Network access control management: Pick your poison

In testing 12 NAC products, we discovered an incredible variety of management styles. To organize our results, we broke things up into three main categories: overall management, separation of control and high availability.

Related: NAC: What went wrong?

If we just awarded prizes based on simplicity, Cisco NAC Appliance, ForeScout CounterACT and HP NAC would immediately jump to the top of the list, because all of them have easy to use, easy to learn interfaces that get you up and running quickly and offer strong visibility into what is happening.

Other products were more complex, but more powerful, as well . For example, when we started learning to use Juniper UAC, we spent an entire hour one morning drawing a picture trying to put all the pieces together. It's a complicated set of products. There are central management tools, individual device management interfaces, intrusion-prevention systems, and on top of that, the UAC Web-based GUI itself. Bringing it all together is tough, but it doesn't seem fair to knock Juniper down because it's product has a lot of optional pieces.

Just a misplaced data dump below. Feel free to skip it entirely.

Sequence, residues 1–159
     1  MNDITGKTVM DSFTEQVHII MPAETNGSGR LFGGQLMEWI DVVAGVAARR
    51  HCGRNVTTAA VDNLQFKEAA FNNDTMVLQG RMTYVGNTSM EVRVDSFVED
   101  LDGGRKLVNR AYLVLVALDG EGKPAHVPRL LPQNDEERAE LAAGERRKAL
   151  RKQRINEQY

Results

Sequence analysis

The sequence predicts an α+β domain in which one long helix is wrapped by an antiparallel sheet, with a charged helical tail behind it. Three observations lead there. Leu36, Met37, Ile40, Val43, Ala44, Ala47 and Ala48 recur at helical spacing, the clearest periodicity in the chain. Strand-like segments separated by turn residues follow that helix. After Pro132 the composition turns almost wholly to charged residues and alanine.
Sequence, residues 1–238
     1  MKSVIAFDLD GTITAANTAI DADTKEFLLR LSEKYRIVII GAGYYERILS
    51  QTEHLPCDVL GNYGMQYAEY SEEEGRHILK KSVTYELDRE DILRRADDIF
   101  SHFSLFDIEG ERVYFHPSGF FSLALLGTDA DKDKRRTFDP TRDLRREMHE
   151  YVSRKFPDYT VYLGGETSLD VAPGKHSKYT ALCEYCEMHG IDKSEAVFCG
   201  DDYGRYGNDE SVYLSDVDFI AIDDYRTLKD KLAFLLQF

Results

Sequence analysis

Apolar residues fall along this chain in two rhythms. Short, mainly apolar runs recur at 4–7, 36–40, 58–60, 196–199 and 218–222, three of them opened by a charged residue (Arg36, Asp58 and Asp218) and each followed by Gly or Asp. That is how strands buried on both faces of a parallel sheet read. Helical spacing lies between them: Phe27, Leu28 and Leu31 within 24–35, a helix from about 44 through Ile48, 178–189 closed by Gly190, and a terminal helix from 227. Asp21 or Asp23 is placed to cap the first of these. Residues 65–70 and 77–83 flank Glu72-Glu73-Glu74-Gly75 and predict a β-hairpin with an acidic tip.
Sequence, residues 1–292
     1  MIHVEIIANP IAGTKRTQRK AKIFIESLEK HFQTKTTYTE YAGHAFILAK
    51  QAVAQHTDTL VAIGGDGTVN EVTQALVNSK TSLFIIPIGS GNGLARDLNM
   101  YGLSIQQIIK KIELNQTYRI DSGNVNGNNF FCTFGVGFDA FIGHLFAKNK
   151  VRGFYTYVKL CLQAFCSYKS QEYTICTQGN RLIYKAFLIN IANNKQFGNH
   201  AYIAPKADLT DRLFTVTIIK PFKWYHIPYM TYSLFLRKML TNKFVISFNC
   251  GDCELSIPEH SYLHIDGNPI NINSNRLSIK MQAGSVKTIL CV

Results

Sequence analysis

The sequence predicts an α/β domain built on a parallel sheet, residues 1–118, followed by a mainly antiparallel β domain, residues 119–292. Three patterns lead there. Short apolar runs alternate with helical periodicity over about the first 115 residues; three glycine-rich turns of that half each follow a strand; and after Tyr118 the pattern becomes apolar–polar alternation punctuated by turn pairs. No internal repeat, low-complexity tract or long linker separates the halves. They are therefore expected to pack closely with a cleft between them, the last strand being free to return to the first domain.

Avenda eTIPS is another good example of a product that does a lot, and because of that, you end up with a complicated user interface. In Avenda's case, the management system is as simple as it could be — but still offer all the power that we needed.

In the end, we looked at products with two management criteria in mind: how hard it was to use, and how much visibility it gave us into the NAC status of our network.

Some disappointments

Some of the products have serious flaws. Alcatel-Lucent's SafeNAC is not really a single product; it's a bunch of features of their management system, their switches and InfoExpress' CyberGatekeeper that together act as a NAC solution. It certainly works well together, but the management is very un-integrated.

Bradford Network Sentry's management system is similarly disappointing. A few minutes into configuration, we found ourselves lost in pop-up windows, new tabs and sub-windows. Sometimes, we'd click on something and get a new page in the same window. Other times, we'd get a new tab in the same window, and other times we'd get an entirely different window. We expected better than that from one of the oldest NAC products in our test.

Are these issues that can be worked around? Certainly. A badly designed GUI is not a reason to throw out a good product. In the case of NAC, badly designed management systems are more the norm than the exception.

Visibility winners